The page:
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Sweet Potatoes as Herbal Medicines

by
author image Diana Kaniecki
Diana Kaniecki has been writing health-related articles since 1991. Her work has appeared in peer-reviewed health journals including the "American Journal of Cardiology," "Chest" and "Pharmacoeconomics." She also develops health technology products for wellness and chronic illness self-management. Kaniecki received her Doctor of Clinical Pharmacy from St. Johns University.
Sweet Potatoes as Herbal Medicines
A bowl of sweet potatoes. Photo Credit juliedeshaies/iStock/Getty Images

Sweet potatoes have been labeled a natural alternative to estrogen therapy or a natural dehydroepiandrosterone because laboratory studies have shown they contain a chemical called diosgenin, which can be changed into different steroids, such as estrogen. However, this effect does not occur in the body and existing scientific information does not prove the effectiveness of sweet potato for any medicinal use. Before using sweet potatoes medicinally, talk to your health care provider.

Identification and Dosing

Sweet potato is also called yam, American yam, caiapo, China root, colic root, wild yam, natural DHEA, phytoestrogen, and rheumatism root, among other names. Sweet potato is available as a powder and in pill form. There are no official dose ranges for sweet potato, but studies have used capsules in daily doses ranging from 672 to 1,344 mg. General manufacturer dosing recommendations are two 168- to 336-mg capsules taken 30 minutes before meals for a daily maximum of six capsules, according to Drugs.com.

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Medicinal Uses

Sweet potatoes are used as estrogen replacement therapy, as well as for managing menstrual problems and osteoporosis. Other uses include reducing diverticulosis, which is an ailment of the intestines; gallbladder complaints; and arthritis. Sweet potatoes are also used by men and women to increase energy and sexual drive. Women use sweet potatoes for breast enlargement.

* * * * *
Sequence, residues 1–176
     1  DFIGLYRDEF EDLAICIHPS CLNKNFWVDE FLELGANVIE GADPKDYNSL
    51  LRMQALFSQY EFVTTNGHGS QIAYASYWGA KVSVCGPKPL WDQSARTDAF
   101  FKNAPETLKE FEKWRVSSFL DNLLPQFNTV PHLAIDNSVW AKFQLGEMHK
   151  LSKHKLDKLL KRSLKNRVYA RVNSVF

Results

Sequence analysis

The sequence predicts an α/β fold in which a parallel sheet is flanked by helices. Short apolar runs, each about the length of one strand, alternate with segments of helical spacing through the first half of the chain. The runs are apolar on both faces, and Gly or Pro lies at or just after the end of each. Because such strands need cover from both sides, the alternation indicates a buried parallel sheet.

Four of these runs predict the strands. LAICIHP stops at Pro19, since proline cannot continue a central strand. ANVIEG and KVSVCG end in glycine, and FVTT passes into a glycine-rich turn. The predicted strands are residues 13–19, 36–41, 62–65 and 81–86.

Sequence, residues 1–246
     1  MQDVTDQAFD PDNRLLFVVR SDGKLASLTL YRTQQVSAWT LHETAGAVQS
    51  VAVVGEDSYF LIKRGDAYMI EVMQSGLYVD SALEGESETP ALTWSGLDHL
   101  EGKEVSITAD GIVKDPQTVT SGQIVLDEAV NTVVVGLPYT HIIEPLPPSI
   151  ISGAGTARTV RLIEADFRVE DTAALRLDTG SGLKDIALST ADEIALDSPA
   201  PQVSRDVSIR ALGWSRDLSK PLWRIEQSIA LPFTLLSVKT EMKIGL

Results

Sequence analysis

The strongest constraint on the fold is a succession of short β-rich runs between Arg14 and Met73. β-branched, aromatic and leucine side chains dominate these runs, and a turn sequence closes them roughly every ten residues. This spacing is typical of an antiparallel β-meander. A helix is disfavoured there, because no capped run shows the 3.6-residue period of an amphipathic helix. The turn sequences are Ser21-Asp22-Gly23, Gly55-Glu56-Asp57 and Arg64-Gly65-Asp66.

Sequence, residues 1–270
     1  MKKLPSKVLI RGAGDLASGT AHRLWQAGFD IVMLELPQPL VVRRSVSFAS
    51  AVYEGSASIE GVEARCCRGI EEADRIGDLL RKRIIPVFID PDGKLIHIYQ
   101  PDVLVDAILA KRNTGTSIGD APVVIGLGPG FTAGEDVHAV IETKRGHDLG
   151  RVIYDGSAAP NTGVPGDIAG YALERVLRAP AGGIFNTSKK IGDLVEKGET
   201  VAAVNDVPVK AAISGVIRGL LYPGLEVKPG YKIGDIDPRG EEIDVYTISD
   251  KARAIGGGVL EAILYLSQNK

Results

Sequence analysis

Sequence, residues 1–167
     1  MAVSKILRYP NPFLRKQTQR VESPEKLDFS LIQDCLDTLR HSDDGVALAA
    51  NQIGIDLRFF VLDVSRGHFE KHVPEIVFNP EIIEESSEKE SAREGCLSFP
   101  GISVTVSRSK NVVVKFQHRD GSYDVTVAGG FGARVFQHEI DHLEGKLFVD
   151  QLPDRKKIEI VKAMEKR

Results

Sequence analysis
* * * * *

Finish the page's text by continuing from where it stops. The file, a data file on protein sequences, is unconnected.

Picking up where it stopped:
Effectiveness

Sweet potatoes are rated as possibly ineffective for treating symptoms of menopause when applied as a cream to the skin, says the Natural Medicines Comprehensive Database. Available scientific information does not support the clinical efficacy of sweet potatoes for any other health condition. More research is needed to evaluate the health benefits of sweet potatoes.

Considerations

No serious side effects have been reported for sweet potatoes, although allergic reactions may occur. According to Drugs.com, light-headedness, faintness, stomach problems and throat irritation have been reported. Ingesting large amounts of sweet potatoes may also cause vomiting. Avoid sweet potatoes if you have a health problem that may worsen by increased estrogen, warns the NMCD. Also, if you have protein S deficiency, you should stay away from sweet potatoes. Be sure to first discuss with your physician any supplement you may be considering.

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References

Demand Media